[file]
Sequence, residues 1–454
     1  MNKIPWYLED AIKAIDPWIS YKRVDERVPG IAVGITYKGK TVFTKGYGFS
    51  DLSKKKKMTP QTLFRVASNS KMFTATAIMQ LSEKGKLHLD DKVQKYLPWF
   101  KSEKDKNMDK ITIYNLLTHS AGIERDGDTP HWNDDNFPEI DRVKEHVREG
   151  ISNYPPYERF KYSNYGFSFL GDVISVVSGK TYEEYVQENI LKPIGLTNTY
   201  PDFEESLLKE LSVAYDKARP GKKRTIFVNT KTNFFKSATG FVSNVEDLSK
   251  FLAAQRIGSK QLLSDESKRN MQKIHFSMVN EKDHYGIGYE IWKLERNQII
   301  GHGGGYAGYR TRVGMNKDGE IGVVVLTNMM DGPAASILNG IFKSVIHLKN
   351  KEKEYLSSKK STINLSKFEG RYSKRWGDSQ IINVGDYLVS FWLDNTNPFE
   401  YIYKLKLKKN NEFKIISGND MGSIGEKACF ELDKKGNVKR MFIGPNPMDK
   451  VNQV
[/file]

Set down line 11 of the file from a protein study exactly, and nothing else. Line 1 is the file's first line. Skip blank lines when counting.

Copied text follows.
   451  VNQV